All you can do is change how you react to it".
Gandhi

"Don't let the behaviour of others destroy your inner peace"
The Dalai Lama

Thanks for reading.











Wednesday, 14 February 2018

Love Changes... Fact!


For better for worse, for richer for poorer, in sickness and in health - one thing's for sure... love changes.

Remember when we first fell in love?!   All that dopamine, oxytocin, serotonin, testosterone and estrogen (what?!)  Yes, a potent cocktail of hormones more proficient in tricking us to declare our undying love than any Strawberry Daiquiri or Sloe Comfortable Screw could ever be! And so, all-consumed with chemicals and besotted with the euphoria of having found our perfect match, we embark on a journey of passion and indestructible love. Some may say unfortunately (and other perhaps thankfully) this stage is not sustainable, we'd never get anything done and our bodies and minds would be shot to pieces.

If, by this time, we haven't completely exhausted ourselves and our feelings for one another, we'll probably begin to deepen our bond, we feel cherished, safe, comfortable.   Our physical interactions may not be so wild, rampant or spontaneous as they used to be but they're sure to be more meaningful.

Fast forward a little, and we may even marry, build a home together, have children.  Fast forward a little more, we may have taken to spending our Sunday mornings mowing the lawn, washing the cars, cleaning the house... (hold on, what happened to Sunday morning breakfast in bed, relaxing, reading the papers, chatting, joking, laughing together?) Remember those little things we used to find 'cute' or 'quirky' in our better half?  Well we may now find them infuriating and intolerable. We're no longer excited at the prospect of spending time together, instead we simply co-exist in a state of relative comfort, which is sadly lacking in intimacy or adventure.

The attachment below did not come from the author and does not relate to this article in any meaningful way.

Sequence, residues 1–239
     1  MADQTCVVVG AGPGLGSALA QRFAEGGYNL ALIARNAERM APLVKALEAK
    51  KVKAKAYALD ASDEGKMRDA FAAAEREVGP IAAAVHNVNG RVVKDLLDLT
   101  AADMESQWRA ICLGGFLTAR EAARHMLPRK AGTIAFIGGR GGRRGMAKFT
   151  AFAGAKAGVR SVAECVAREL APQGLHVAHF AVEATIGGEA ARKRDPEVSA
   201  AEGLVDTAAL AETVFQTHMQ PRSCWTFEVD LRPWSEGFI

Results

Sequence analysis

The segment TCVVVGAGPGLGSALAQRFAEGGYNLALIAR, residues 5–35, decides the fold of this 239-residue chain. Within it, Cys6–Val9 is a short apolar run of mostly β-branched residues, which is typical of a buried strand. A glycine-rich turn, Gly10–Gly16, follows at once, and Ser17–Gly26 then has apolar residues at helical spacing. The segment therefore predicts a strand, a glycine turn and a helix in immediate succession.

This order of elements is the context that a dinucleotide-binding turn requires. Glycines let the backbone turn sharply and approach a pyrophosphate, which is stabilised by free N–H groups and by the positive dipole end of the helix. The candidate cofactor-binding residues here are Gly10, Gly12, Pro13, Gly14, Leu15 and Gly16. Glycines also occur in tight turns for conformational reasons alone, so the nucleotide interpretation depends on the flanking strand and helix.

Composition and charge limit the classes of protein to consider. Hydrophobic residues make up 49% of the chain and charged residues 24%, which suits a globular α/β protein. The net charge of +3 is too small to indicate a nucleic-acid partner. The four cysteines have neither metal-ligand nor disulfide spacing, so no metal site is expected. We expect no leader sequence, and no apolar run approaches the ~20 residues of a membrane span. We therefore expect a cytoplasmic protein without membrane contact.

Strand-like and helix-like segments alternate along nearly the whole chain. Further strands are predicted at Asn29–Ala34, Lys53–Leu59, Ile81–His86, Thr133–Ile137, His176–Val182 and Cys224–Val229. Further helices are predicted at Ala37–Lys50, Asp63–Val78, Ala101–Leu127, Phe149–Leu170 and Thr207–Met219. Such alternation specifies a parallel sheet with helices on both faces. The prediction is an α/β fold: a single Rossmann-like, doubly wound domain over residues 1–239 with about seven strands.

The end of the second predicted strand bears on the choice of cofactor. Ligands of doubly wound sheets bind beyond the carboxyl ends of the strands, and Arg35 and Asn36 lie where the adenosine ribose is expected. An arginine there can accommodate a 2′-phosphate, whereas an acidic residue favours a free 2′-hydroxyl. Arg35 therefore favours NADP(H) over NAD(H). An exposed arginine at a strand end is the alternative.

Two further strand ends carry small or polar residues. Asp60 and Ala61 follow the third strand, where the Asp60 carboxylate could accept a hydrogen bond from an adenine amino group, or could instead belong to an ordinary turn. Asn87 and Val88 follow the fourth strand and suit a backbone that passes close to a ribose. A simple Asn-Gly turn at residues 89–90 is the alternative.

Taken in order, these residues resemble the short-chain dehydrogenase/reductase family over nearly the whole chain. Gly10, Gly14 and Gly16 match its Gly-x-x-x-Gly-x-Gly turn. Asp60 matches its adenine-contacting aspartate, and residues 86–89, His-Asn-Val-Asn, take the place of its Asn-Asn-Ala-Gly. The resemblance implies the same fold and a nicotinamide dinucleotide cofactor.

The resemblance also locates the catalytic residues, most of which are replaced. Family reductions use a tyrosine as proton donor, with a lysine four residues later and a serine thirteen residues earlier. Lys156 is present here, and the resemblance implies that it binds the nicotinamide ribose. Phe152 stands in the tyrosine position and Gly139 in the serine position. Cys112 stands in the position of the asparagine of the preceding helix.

Time to take stock maybe?

To quote George Bernard Shaw "when two people are under the influence of the most violent, most insane, most delusive, and most transient of passions, they are required to swear that they will remain in that excited, abnormal, and exhausting condition continuously until death do them part".

So what next?  Well, some go on, and on... perhaps lacking passion, but with comfort and familiarity being good enough. Many make it through this stage to find true and meaningful long-term love and togetherness. Others are unable to rekindle a flame bright enough to see them through, and may ultimately decide to part ways. 

And the ultimate love goal?  Well, in some respects we probably all have varying opinions on that one.  For me, a shared sense of fun, humor and adventure are crucial, and can overcome most obstacles.  But I think for most of us, love also means being with someone who not only excites and arouses us, but who loves us for who we are (warts and all). Someone who appreciates the good in us, and understands that any bad may be a result of past experiences that still live with us. 

I reckon at just turned 50, married twice and divorced once, I've felt the force of most love-related emotions... euphoria, passion, excitement, disappointment, betrayal, heartbreak, guilt, utter disbelief!  My experiences have taught me (amongst other things) that without question, whether good, bad or indifferent.. love between two people will never remain the same over time, it is ever changing... and thank goodness for that!